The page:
They are loved by celebrities and are a staple on Instagram. However, fake flowers walls have been called ‘tacky” by experts and are damaging to the environment.
In recent years, UK shops and restaurants have used popular floral displays in order to seduce customers and make their business Instagram friendly. However, in order to avoid the high cost of fresh flowers, many have turned instead to fake blooms that last longer and are cheaper.
The trend has been influenced by Kim Kardashian and Stacey Salomon, The Observer reported. The demand for fake flowers online – whether on Amazon or Tesco’s website – has risen in recent weeks.
Experts disagree with the public’s enthusiasm about the walls. William Hanson, an expert in etiquette, called them “tacky” and others pointed out how harmful the plastic-made plants can be to the environment.
Fake flower walls: Trendy or tacky? Celebs and British influencers like Stacey Salomon, pictured, swear by them, but experts call them damaging for the environment
Demi Jones, 23, of Love Island, celebrated her 22nd birthday in 2020 with a floral wall to go along with her Instagram photos
Starting the trend: Kylie Jenner, 20, had a pink flower wall during her baby shower ahead of her daughter Stormi’s birth in 2018, and posed in front of it with her friends during the pyjama-party-themed bash
Flower walls have become a very popular feature in social media posts over the last few years. They are used to create whimsical backgrounds for photo shoots.
Kim Kardashian, 37 years old, married Kanye West, 40 in front a cream flower wall in 2014. Kanye gave his then-fiancee an identical arrangement for Mother’s Day in the same year, not too long before their nuptials.
Kylie Jenner, 20 years old, had a pink flower wall installed at her baby shower to celebrate Stormi’s birth in 2018. She posed in front with her friends during the party-themed pyjama bash.
Stacey Salomon (Insta influencer) and Mrs Hinch (Mrs Hinch) have popularized the trend in the UK. Rose, her newborn daughter, even made one.
A spokesperson for Tesco told the publication that fake flowers are becoming more popular to decorate their interiors.
Model Ella Richards, pictured, at a dinner hosted by British Vogue and Estee Lauder in London on October 14, at the Ivy. Some Ivy restaurants will feature displays of plastic mushrooms, autumn leaves, this month.
William Hanson, an etiquette expert, has labeled fake and colourful floral walls as tacky. Pictured: A influencer in front a green and blu floral wall
Instagram users love to pose for photos in front of colorful flower displays.
‘We’ve seen a nearly threefold year-on-year increase in sales of artificial flowers,’ they said.
Amazon has also created a sub-section within their ‘Home & Kitchen’ section where fans can get their own fake florals.
The trend has been embraced by elite clubs and restaurants like The Ivy and Annabel’s in London. Their beautiful, seasonal plastic flowers attract a lot of tourists and fans.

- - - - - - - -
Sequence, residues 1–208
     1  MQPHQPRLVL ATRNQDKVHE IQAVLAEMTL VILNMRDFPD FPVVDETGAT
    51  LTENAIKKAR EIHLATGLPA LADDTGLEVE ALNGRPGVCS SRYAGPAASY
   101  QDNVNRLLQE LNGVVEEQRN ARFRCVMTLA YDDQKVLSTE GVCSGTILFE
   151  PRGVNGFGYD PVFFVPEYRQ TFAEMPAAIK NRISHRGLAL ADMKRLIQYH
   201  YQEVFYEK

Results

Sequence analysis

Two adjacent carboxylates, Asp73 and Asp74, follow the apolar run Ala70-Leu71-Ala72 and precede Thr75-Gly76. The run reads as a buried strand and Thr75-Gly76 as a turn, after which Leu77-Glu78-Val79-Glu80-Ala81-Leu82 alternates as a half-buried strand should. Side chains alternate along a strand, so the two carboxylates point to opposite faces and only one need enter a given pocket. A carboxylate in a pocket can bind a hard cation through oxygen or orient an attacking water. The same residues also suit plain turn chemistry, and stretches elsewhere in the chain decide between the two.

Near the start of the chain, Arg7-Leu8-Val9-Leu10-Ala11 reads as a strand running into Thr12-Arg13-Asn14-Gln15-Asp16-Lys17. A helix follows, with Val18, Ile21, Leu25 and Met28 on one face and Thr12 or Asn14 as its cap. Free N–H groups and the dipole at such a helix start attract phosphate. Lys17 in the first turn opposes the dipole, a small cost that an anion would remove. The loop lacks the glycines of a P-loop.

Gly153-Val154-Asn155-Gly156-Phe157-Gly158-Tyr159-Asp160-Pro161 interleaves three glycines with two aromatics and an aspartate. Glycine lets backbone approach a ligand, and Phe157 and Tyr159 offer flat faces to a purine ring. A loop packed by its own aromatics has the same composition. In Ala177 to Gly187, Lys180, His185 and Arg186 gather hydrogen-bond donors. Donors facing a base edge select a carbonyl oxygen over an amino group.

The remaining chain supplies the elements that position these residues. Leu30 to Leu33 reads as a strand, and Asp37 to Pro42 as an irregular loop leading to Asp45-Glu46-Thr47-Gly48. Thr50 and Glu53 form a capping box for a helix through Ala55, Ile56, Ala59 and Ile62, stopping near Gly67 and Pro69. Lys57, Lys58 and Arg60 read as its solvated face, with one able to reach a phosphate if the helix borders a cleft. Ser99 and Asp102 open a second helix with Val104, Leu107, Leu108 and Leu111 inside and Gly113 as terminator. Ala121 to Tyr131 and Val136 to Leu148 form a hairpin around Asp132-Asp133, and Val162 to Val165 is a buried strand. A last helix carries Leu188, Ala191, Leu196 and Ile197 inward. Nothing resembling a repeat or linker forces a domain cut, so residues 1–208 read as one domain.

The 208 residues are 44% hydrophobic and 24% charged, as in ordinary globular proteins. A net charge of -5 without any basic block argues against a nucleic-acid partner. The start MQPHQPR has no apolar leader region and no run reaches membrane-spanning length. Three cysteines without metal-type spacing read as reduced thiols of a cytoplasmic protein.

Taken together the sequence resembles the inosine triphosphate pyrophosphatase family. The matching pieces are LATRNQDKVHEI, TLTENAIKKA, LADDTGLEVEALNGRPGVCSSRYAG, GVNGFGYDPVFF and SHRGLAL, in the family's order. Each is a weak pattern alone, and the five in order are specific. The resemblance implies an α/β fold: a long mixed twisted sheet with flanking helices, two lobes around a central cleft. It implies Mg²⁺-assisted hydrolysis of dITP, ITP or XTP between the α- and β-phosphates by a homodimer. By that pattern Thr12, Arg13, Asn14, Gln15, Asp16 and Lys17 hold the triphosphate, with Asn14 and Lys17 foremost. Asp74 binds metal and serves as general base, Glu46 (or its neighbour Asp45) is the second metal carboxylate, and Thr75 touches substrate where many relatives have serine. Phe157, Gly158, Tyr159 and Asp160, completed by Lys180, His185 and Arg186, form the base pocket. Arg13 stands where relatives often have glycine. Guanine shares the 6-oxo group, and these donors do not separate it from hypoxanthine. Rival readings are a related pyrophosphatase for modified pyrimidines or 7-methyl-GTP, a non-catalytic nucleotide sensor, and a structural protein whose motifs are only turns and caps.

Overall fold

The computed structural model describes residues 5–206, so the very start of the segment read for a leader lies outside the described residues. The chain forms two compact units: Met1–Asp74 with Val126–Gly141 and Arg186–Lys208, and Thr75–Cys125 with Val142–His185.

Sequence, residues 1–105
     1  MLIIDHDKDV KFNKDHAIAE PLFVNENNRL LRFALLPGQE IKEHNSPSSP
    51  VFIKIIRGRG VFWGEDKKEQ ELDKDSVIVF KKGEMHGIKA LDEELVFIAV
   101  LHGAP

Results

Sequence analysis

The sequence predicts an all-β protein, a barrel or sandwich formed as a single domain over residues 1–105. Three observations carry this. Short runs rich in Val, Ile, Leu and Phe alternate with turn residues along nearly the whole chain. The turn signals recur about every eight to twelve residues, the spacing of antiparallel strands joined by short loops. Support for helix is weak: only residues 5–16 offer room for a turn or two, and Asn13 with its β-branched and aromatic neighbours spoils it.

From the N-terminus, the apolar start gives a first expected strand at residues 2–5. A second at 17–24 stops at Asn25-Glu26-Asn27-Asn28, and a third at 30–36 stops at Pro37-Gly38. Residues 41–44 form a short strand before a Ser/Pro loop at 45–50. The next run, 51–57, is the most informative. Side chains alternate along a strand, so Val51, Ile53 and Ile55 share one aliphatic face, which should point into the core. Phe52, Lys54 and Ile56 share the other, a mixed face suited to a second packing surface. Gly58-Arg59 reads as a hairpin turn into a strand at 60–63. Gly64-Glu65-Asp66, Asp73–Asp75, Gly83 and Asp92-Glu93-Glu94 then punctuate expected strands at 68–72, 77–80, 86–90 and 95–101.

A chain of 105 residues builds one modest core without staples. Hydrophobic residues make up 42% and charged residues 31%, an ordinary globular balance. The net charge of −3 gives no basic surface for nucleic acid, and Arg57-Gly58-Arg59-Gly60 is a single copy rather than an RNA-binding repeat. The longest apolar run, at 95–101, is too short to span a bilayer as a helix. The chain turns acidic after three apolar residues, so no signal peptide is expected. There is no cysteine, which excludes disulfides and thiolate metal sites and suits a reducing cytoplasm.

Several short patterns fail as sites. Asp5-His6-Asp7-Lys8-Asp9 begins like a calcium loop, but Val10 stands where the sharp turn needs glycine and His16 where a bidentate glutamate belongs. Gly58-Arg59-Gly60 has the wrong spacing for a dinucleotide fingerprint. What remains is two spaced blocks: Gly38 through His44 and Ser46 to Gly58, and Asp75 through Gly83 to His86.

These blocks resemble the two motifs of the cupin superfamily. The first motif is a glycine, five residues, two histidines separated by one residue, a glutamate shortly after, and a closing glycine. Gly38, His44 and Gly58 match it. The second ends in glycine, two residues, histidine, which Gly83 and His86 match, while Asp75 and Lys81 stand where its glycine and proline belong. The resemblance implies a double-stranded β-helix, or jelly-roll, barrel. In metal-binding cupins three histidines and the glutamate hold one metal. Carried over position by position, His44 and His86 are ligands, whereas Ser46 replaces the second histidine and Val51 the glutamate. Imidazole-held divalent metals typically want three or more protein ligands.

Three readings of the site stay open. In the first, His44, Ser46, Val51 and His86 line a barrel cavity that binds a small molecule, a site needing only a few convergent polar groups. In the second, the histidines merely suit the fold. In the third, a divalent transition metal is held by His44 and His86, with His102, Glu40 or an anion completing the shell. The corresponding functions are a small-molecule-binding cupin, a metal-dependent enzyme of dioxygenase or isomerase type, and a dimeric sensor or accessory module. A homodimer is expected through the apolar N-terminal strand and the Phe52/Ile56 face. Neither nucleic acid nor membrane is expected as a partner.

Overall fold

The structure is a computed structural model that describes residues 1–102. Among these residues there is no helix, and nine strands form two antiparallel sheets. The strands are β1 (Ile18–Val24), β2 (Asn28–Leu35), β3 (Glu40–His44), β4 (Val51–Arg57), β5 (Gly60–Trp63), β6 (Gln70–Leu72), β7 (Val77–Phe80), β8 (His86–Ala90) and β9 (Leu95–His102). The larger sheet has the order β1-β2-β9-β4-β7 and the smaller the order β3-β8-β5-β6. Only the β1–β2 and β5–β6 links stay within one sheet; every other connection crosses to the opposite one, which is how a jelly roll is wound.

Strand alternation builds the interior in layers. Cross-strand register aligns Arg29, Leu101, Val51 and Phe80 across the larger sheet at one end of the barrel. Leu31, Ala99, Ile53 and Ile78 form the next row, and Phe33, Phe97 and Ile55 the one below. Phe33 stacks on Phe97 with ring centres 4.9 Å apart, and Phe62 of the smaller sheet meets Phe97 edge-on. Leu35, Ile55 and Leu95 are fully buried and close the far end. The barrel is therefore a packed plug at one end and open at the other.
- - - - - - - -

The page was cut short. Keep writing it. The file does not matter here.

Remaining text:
However, the fake blooms have failed to convince author and etiquette expert William Hanson, who told FEMAIL earlier this week: ‘I detest the fake electric blue and neon pink flower walls. Flowers should be real and muted just like the garden an aristocrat has.
William explained: ‘Bright colours are garish. Aristocrats have gardens that are quiet and suburban lawns that are full of vibrant colours, like busy Lizzies.
Experts pointed out that restaurants and shops change their displays according to the seasons. Pictured: A woman poses in front of an autumnal flower wall
Experts have criticized fake flower walls such as this one in the UK and said they were not sustainable.
The walls are very popular on Instagram and can be used to promote events (pictured in the UK) or businesses
A fake flower display of strawberries and sunflowers covering the front of Wimbledon’s Ivy restaurant.
The move was also criticised by plastics and recycling expert at innovation charity Nesta Challenges, Constance Agyeman, who told The Observer: ‘In Europe, we produce nearly 30 million tonnes of plastic waste a year, and less than a third is recycled.
It can take as long as 450 years to completely decompose the simplest plastic. As it breaks down, micro-plastic remnants are formed that can be found in rivers and eventually the food chain.
‘To learn that we’re now seeing a surge in popularity for plastic flowers is utterly depressing. She concluded that we need less plastic in our lives and not more.
The cost of making and maintaining fresh flower walls is high. Some brands have turned to plastic flowers in recent times.
Social media fixture: Kim, 37, was presented with a cream flower wall by Kanye West as a Mother’s Day gift in 2014. She immediately posed in front of it for photos
Miley Cyrus displayed a floral arch when she tied the knot to Liam Hemsworth.
The Telegraph reported that Selfridges was one of many shops that tried to cut costs by using fake flower, which are less expensive, as early as 2019.
Jonathan Moseley, one of the UK’s top florists, told the publication at the time: ‘I agree that there has been a definite increase in the use of faux flowers to dress both interiors and exteriors of retail premises, most notably hotels and restaurants.
“I feel that this reflects an apparent dumbing down of natural living plants materials’ transient beauty.
He said, “As a British Flower Ambassador and a champion for seasonality, the escalating usage of fake flowers degrades their importance and places these living natural jewels in direct competition with manufactured, resilient, and artificially color enhanced fake flowers.”
And Dr Trevor Dines, the Botanical Specialist at plant charity Plantlife, noted that bees, bugs and butterflies depend on living, breathing plants for their survival.
One florist stated that these displays were not environmentally-friendly and lack imagination.